A noted writer, of a wide ranging, and stylistically diverse body of work, Peter Ackroyd, much like Iain Sinclair, has explored the city of London through its history. Where Sinclair has focused more on place, Ackroyd however has studied London through its great artists and thinkers. Having first got into, what he called, ‘the spirit of the place’, with The Great Fire Of London (1982), Ackroyd went on to produce works such as The Last Testament (1983), The House of Dr. Dee (1993), Dan Leno And The Limehouse Golem (1994), and the futuristic, subterranean, The Plato Papers (1999). This critically acclaimed sequence of work culminated in the career defining London: The Biography (2000).
Winner of the inaugural Sage Prize for his manuscript Some Kind Of Black (1996), Diran Adebayo was lauded as a leading voice of the ‘Now Generation’ before his novel had even been published. Once released Some Kind Of Black won numerous awards for its insightful, perceptive take on Black British culture, as well as its hedonistic, stylish, prose. Centering on Dele, an Oxford student with Nigerian roots, Adebayo unveils a London of drugs, music, fashion, Black activism, and like all the great London writers before him, captures the very essence of communication in London, with all its slang, its rhythm, and the mouldable qualities that allow an ethnically diverse city to come together.
The multi-award winning Zadie Smith became a literary sensation in the late 90s when the rights to her uncompleted debut novel White Teeth (2000),and a yet to be written second novel, was sold for a six figure sum. Just twenty-one at the time, and still studying at Cambridge University, the publicity surrounding Smith brought intense scrutiny from critics already sharpening their knives. Despite this Smith’s vibrant, ambitious, multiple narrative exploration into the trials and tribulations of three ethnically diverse families living in multicultural London sold over a million copies, and received generally positive reviews. A winner of the James Tait Black Memorial Prize, the Whitbread Book Award, and The Guardian First Book Award, White Teeth cemented Zadie Smith’s place within the London literary cannon.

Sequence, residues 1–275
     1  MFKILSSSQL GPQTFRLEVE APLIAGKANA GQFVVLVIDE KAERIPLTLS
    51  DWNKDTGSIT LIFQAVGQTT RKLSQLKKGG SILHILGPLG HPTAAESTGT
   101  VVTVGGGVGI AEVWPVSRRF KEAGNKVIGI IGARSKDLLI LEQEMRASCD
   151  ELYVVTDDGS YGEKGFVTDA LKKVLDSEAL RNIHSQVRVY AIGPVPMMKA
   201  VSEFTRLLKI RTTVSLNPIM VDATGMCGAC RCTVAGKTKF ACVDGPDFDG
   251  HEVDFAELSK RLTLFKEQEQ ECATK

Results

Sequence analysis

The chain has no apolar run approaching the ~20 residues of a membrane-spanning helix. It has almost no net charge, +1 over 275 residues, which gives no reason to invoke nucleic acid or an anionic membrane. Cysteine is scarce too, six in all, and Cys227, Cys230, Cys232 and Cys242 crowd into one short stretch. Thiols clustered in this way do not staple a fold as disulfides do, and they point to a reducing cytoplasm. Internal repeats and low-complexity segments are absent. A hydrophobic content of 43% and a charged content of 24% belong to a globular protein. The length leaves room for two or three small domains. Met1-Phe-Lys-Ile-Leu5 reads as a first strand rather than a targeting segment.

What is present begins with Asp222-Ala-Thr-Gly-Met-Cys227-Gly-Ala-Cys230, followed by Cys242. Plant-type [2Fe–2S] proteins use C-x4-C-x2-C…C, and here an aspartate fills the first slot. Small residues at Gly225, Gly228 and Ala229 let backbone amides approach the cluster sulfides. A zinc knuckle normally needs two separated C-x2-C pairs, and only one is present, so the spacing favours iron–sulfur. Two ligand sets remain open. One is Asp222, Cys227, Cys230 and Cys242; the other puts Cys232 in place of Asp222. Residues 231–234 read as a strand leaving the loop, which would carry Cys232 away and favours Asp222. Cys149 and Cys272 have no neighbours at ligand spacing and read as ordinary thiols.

Whether imagining a London where every restaurant waiter is a would be writer, or a London where apes have evolved to become the dominate species, the grotesque satire of Will Self has been a polarising part of the city’s literary establishment since the early 1990’s. Having established a reputation with the short story collection The Quantity Theory Of Insanity (1991), Self’s archaic, almost maddening linguistic summersaults, have since produced an impressive body of work including Cock And Bull (1992), Grey Area (1994), Junk Mail (1995) and Great Apes (1997). The real success of his work though is its ability to lampoon the London elite, while addressing the issues surrounding mental health, drugs, psychiatry, gender roles, and social conformity.
Author of the groundbreaking The Lonely Londoners (1956), a pioneering work depicting the struggles for social mobility of West Indian immigrants in 1950s London, Samuel Selvon started his career as a journalist in his native Trinidad. Having published numerous short stories between 1945-1950 under various pseudonyms, Selvon arrived in London as an unknown commodity on the literary scene. He quickly established himself however, with first novel A Brighter Sun (1952), which appeared to critical acclaim shortly after his arrival. It was the revolutionary The Lonely Londoners though that really established Selvon as a preeminent figure in contemporary literature. And despite controversy surrounding later London works, such as Moses Ascending (1975) and Moses Migrating (1983), Selvon’s voice remains a key part of London’s first steps towards cultural diversity.